Last Thursday was a landmark day in Australia’s energy debate – but not for the reason you might think.
Most attention was focused on the long-expected announcement of the closure of Victoria’s Hazelwood power station. The attention was justified – it was a milestone in the transition of Australia’s energy supply to cleaner forms of generation, and has big implications for the community in the Latrobe Valley. However, there was a development at least as significant unfolding north of the border in NSW, where the Baird government released three major new climate and energy plans for consultation.
The draft plans see NSW join South Australia and Victoria with a target of net zero emissions by 2050. They also flag significant new investments in renewables and climate change adaptation. But critically, the energy efficiency plan – A Draft Plan to Save NSW Energy and Money – also proposes a massive ramp up of effort on energy efficiency.
Why is that so important? There are two major reasons.
Firstly, NSW has recognised something important about managing the transformation underway in our energy system. It requires more than a focus on the way we generate and distribute energy – the supply side. It also calls for a smarter approach to the way we use energy – the demand side.
Energy systems are changing rapidly all over the world. Jurisdictions like California that are effectively managing this transformation have one thing in common: they are taking a balanced and integrated approach to ramping up investment in renewables on the one hand, and energy efficiency and demand management on the other.
Why? Because they understand that the transition to lower carbon forms of generation will be quicker – and much cheaper – if they drive cost effective energy efficiency at the same time.
The NSW government is proposing up to $200 million of investment in renewables and advanced energy over five years. It is also proposing up to $200 million of investment in energy efficiency over the same period. These are major investments that support the transition taking place on the supply side and the demand side. This balanced approach could see NSW join places like California as a global leader in this area.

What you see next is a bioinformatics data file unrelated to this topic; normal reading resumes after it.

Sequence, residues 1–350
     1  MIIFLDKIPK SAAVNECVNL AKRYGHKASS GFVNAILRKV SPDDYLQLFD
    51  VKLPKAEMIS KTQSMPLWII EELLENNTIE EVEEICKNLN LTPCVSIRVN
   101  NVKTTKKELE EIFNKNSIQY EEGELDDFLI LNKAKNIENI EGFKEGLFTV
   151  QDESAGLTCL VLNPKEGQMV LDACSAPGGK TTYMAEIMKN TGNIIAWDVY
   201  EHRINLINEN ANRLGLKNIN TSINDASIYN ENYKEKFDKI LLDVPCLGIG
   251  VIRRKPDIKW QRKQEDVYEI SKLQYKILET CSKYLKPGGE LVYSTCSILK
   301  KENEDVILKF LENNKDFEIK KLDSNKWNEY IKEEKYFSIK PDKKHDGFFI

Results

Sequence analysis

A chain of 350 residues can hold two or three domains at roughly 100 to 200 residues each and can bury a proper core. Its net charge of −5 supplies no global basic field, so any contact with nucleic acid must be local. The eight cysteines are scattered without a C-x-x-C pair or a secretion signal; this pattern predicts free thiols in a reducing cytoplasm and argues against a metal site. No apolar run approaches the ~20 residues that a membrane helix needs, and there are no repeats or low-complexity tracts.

Secondly, the Baird government has recognised the importance of government policy in unlocking the energy efficiency opportunity.
A significant ramp up of energy efficiency is challenging, because there are different drivers and barriers in every part of the economy. As such, it takes careful, considered action from government – tailored to the unique circumstances of each sector – to realise the big opportunities we have to use energy more efficiently and productively. This is a point the International Energy Agency made strongly in its 2016 Energy Efficiency Market Report, released just last month.
Reading the Draft Plan to Save NSW Energy and Money, it’s clear the NSW government has carefully considered its role in supporting businesses and households to become more energy efficient.
This includes increasing energy standards for new commercial buildings to ensure these long-lived assets aren’t hogging energy for the next 40 years. Supporting large energy users to investigate energy savings opportunities that drive business productivity. Accelerating energy efficient appliance standards so mums and dads aren’t stuck with poorly-performing appliances that send their energy bills skyrocketing.
These are just some of the sensible measures the government is proposing, with big benefits for the entire community. If implemented, these actions are projected to save NSW households and businesses around $17 billion in avoided energy costs by 2050.
The NSW government’s draft strategy takes an ambitious, integrated approach to both renewables and energy efficiency. The measures it is proposing are carefully calibrated to respond to the drivers and barriers in each part of the state’s economy.
In short, this Draft Plan is best in class, and a template for action that other governments around Australia should study closely.
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